ST. LOUIS, Mo. – Rising prices are having an impact on many people’s bank accounts. A study conducted by online insurance company Quote Wizard says that the number of Missourians worrying about paying bills has jumped more than in many other states

The national consumer price index for urban consumers is 6.8 percent and the core inflation rate is 4.9 percent. But, the average price for a gallon of gas in Missouri now costs around $3.93. That is up from $2.71 a year ago.

A key finding from the Quote Wizard survey says that 60% of people say they are having some difficulty meeting their usual household expenses. The largest increase in people who said they are struggling is in Missouri, Florida, and Arkansas.

The percentage change since June in Missouri is 170 percent. In 2021 only six percent of Missourians reported having a “very difficult time.” That number jumped to 16 percent in 2022. The survey also states that 40 percent of people are having a “difficult time” meeting household expenses.

The Associated Press reports that the Federal Reserve considers Russia’s war in Ukraine and surging inflation the greatest threats facing the global financial system, supplanting the coronavirus pandemic.

The Fed said economic uncertainty has increased since the bank’s previous report, with Ukraine war being a big part of the deterioration. The bank also highlighted the large fluctuations in asset prices — from Treasuries to stocks — as investors reevaluate risk in a high-inflation environment.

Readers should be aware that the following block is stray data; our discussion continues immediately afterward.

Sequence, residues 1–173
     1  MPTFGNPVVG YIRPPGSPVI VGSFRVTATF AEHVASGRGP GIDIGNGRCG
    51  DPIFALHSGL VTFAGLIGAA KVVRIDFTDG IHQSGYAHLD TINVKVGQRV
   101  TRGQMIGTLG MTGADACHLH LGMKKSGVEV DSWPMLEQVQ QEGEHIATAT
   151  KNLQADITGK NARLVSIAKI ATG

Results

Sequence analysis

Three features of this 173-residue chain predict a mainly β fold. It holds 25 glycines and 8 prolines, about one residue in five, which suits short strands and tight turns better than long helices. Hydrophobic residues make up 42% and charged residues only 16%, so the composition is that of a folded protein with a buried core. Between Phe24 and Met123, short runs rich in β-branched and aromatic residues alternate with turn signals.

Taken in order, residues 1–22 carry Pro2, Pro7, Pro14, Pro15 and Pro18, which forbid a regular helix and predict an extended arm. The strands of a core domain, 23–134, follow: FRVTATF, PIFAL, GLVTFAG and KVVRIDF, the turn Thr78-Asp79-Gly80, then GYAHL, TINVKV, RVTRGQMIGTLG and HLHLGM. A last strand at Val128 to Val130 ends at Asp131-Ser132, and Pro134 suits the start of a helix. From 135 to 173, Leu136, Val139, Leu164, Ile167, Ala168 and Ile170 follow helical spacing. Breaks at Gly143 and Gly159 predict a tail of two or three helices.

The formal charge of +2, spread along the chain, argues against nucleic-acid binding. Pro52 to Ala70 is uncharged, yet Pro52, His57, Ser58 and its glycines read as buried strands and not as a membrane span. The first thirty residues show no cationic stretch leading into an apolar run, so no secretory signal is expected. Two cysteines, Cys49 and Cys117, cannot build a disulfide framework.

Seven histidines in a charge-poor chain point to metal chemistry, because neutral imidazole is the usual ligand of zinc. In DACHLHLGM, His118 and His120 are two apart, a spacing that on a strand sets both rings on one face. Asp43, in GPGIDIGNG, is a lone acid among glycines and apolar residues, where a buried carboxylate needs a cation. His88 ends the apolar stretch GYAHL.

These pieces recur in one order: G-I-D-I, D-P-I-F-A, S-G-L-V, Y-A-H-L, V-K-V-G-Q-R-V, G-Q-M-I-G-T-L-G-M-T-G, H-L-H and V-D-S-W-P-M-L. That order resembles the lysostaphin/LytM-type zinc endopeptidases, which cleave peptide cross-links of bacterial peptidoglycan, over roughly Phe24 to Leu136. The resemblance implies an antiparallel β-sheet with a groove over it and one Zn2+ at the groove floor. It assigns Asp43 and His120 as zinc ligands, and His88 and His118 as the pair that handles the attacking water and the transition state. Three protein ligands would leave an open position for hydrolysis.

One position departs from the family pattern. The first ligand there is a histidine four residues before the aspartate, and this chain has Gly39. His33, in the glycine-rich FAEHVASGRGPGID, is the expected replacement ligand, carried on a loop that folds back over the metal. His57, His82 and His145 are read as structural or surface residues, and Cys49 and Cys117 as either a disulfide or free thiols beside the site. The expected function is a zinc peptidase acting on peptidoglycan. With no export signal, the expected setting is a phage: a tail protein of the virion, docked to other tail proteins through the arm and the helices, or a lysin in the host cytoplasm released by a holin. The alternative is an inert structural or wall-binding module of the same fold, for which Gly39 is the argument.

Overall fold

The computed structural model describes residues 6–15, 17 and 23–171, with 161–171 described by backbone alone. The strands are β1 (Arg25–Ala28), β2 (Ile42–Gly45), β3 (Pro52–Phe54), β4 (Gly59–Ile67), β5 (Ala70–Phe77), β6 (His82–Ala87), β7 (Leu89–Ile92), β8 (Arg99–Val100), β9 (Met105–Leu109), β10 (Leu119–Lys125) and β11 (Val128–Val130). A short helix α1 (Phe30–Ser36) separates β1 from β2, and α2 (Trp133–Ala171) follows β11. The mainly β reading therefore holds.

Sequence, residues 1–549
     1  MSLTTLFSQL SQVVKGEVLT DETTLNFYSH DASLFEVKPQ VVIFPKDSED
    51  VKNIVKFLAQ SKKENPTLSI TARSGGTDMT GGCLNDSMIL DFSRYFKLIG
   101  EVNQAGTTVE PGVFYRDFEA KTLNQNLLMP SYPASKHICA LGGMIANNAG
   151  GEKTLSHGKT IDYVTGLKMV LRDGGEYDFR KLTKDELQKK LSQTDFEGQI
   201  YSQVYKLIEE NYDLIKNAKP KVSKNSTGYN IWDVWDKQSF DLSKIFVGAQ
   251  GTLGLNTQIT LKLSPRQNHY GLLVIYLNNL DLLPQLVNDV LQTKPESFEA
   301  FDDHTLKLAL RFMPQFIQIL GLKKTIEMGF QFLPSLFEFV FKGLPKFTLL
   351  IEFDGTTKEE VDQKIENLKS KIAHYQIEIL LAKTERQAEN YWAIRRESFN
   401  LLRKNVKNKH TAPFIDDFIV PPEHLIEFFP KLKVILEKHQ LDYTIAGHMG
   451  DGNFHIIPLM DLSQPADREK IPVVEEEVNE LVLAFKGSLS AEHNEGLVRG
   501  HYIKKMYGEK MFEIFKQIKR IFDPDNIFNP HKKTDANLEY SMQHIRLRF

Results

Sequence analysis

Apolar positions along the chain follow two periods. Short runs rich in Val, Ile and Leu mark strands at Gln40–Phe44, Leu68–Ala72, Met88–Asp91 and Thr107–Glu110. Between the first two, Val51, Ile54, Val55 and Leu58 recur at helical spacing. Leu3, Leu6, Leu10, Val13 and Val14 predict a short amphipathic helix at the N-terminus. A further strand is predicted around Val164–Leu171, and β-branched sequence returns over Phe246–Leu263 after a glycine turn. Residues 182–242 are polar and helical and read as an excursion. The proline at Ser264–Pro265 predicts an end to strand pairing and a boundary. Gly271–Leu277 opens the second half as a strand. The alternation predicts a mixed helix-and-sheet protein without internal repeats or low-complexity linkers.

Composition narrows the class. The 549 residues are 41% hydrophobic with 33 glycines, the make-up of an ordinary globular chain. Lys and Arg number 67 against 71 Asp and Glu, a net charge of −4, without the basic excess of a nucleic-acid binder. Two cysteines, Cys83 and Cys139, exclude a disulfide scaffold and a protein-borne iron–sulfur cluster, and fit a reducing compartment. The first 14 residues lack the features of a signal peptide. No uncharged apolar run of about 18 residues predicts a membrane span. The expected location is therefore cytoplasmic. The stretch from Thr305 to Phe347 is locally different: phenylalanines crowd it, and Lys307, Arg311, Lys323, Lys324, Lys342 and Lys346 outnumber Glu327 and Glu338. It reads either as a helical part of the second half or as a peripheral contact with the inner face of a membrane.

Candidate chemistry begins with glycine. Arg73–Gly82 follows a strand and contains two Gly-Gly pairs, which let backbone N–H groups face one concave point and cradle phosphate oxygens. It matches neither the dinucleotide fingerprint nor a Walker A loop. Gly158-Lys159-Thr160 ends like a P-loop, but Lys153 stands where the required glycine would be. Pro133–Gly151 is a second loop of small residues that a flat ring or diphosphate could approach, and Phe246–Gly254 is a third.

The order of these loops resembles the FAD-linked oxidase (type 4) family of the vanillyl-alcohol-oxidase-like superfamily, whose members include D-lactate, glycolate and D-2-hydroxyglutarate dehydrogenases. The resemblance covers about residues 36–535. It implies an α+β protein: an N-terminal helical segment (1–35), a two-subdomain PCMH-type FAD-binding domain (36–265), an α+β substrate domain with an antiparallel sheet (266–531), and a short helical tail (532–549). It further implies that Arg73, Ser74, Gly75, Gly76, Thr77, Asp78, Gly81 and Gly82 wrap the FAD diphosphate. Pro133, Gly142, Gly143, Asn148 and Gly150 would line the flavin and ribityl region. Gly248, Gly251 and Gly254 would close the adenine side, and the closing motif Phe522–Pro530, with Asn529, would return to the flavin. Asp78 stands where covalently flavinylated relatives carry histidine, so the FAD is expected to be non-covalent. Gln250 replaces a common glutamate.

“Inflation has been higher and more persistent than expected, even before the invasion of Ukraine, and uncertainty over the inflation outlook poses risks to financial conditions and economic activity,” the Fed said in its report.

The Fed said persistently high inflation may require central bankers to quickly raise interest rates, which could also be a potential risk for financial instability in the form of lower economic output as well as higher borrowing costs for individuals and businesses. It could cause debt levels, which the Fed says are elevated but not yet a major concern, to become unsustainable for some businesses.

“Further adverse surprises in inflation and interest rates, particularly if accompanied by a decline in economic activity, could negatively affect the financial system,” the bank said.

For individuals, inflation could cause job losses as the Fed increases interest rates, which could also impact the housing market through higher mortgage rates, the bank said.